Docker: Prune containers

When you stop a container, it is not automatically removed unless you started it with the --rm flag. In order to list all the containers running or stop run: docker ps -a. You may be surprised how many containers exist, especially on a development system!

In case you like to remove all the containers, first make sure you stop them all by running the following command.

Stop all containers

docker stop $(docker ps -a -q)

Stop all containers

Run following command to remove all the containers, regardless of how old are they.

docker container prune

By default, you are prompted to continue. To bypass the prompt, use the -f or --force flag.

By default, all stopped containers are removed. You can limit the scope using the --filter flag. For instance, the following command only removes stopped containers older than 24 hours:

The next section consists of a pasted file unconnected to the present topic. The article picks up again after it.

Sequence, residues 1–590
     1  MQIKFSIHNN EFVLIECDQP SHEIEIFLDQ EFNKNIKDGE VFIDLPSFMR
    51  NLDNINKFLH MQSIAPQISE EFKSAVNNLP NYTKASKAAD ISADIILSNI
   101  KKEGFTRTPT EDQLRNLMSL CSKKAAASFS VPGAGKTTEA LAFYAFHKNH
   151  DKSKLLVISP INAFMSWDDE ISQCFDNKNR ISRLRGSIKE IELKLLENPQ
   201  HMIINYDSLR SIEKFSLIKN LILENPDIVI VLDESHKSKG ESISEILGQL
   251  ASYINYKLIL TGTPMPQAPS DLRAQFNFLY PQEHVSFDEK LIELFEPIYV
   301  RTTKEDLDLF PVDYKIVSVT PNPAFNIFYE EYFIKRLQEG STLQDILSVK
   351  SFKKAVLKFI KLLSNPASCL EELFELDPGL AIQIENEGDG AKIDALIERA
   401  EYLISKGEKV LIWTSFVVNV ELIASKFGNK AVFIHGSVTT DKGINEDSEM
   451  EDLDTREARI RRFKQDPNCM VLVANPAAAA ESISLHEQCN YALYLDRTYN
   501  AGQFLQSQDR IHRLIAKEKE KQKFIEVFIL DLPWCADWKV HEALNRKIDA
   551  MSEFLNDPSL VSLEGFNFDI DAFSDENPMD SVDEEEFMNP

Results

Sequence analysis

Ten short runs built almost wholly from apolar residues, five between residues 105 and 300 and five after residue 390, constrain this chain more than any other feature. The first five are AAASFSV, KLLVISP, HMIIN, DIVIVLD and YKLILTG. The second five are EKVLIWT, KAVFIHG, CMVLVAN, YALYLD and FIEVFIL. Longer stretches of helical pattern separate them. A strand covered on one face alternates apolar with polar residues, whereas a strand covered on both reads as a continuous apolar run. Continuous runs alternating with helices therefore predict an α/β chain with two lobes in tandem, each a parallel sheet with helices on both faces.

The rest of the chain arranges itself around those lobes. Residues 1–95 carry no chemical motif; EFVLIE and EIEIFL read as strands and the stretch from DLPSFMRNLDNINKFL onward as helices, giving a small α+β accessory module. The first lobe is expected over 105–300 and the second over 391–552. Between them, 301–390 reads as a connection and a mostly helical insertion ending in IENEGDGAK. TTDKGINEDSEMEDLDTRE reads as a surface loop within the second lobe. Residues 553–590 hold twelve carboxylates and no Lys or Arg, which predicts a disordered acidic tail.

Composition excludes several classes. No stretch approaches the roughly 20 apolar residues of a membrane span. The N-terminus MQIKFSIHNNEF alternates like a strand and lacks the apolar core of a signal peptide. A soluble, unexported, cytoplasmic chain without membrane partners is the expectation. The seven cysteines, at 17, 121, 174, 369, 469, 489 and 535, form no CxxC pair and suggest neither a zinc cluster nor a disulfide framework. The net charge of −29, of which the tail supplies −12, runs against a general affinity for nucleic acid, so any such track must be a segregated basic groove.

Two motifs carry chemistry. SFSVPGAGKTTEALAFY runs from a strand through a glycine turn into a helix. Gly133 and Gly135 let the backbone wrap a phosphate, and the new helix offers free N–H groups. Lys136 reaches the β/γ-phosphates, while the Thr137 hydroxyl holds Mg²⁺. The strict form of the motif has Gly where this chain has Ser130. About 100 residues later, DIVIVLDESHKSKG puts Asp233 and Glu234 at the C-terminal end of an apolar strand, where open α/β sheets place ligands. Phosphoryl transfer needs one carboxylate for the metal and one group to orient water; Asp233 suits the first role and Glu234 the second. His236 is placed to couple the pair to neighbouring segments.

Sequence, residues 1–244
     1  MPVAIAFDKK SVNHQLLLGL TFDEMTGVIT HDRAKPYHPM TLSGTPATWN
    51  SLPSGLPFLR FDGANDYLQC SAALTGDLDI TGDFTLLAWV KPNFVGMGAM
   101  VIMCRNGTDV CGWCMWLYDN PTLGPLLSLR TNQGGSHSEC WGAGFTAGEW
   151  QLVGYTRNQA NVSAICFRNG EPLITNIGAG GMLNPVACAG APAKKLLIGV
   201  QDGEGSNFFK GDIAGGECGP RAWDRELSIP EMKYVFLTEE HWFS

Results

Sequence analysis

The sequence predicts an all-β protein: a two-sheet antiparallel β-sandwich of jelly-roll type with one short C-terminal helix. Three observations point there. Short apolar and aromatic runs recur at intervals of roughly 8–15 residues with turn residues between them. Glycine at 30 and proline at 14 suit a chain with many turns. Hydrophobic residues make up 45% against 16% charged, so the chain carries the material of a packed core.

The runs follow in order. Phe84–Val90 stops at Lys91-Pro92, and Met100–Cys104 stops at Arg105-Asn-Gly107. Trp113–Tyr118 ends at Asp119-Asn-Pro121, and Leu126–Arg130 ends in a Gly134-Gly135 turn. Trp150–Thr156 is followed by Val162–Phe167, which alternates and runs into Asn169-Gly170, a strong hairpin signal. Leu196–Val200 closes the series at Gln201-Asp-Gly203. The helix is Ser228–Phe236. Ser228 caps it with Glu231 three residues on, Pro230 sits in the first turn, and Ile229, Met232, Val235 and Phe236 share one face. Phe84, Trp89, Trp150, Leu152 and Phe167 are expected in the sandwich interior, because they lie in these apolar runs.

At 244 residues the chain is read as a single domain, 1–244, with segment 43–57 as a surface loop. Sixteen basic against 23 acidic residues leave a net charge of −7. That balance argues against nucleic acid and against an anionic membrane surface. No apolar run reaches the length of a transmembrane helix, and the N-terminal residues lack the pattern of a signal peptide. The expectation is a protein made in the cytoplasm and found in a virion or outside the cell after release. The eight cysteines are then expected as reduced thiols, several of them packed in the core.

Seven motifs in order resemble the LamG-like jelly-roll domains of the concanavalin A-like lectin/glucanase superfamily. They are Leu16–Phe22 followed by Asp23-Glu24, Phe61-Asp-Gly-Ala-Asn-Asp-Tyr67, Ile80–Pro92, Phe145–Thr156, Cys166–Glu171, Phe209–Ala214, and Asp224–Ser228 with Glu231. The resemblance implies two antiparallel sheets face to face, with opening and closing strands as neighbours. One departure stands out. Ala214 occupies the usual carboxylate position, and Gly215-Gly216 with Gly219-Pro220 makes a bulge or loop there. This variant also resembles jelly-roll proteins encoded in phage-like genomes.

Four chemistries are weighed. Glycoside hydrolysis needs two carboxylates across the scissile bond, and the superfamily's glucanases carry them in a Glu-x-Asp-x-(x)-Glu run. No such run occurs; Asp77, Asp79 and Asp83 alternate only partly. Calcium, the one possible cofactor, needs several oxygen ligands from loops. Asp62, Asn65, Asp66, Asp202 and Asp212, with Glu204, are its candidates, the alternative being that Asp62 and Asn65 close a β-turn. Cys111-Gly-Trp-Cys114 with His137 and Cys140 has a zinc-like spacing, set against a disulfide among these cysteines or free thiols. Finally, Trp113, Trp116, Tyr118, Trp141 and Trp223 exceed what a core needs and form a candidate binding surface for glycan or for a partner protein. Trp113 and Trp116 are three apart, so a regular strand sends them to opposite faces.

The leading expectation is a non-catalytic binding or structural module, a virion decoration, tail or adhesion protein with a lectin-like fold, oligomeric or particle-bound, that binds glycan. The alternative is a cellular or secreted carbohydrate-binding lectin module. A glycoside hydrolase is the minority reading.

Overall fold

docker container prune --filter "until=24h"

Other filtering expressions are available. See the docker image prune reference for more examples.

Author: Danyal
I'm working as programmer since 2002. Born, grew up, studied and worked in Pakistan now Im located in Denmark since 2006.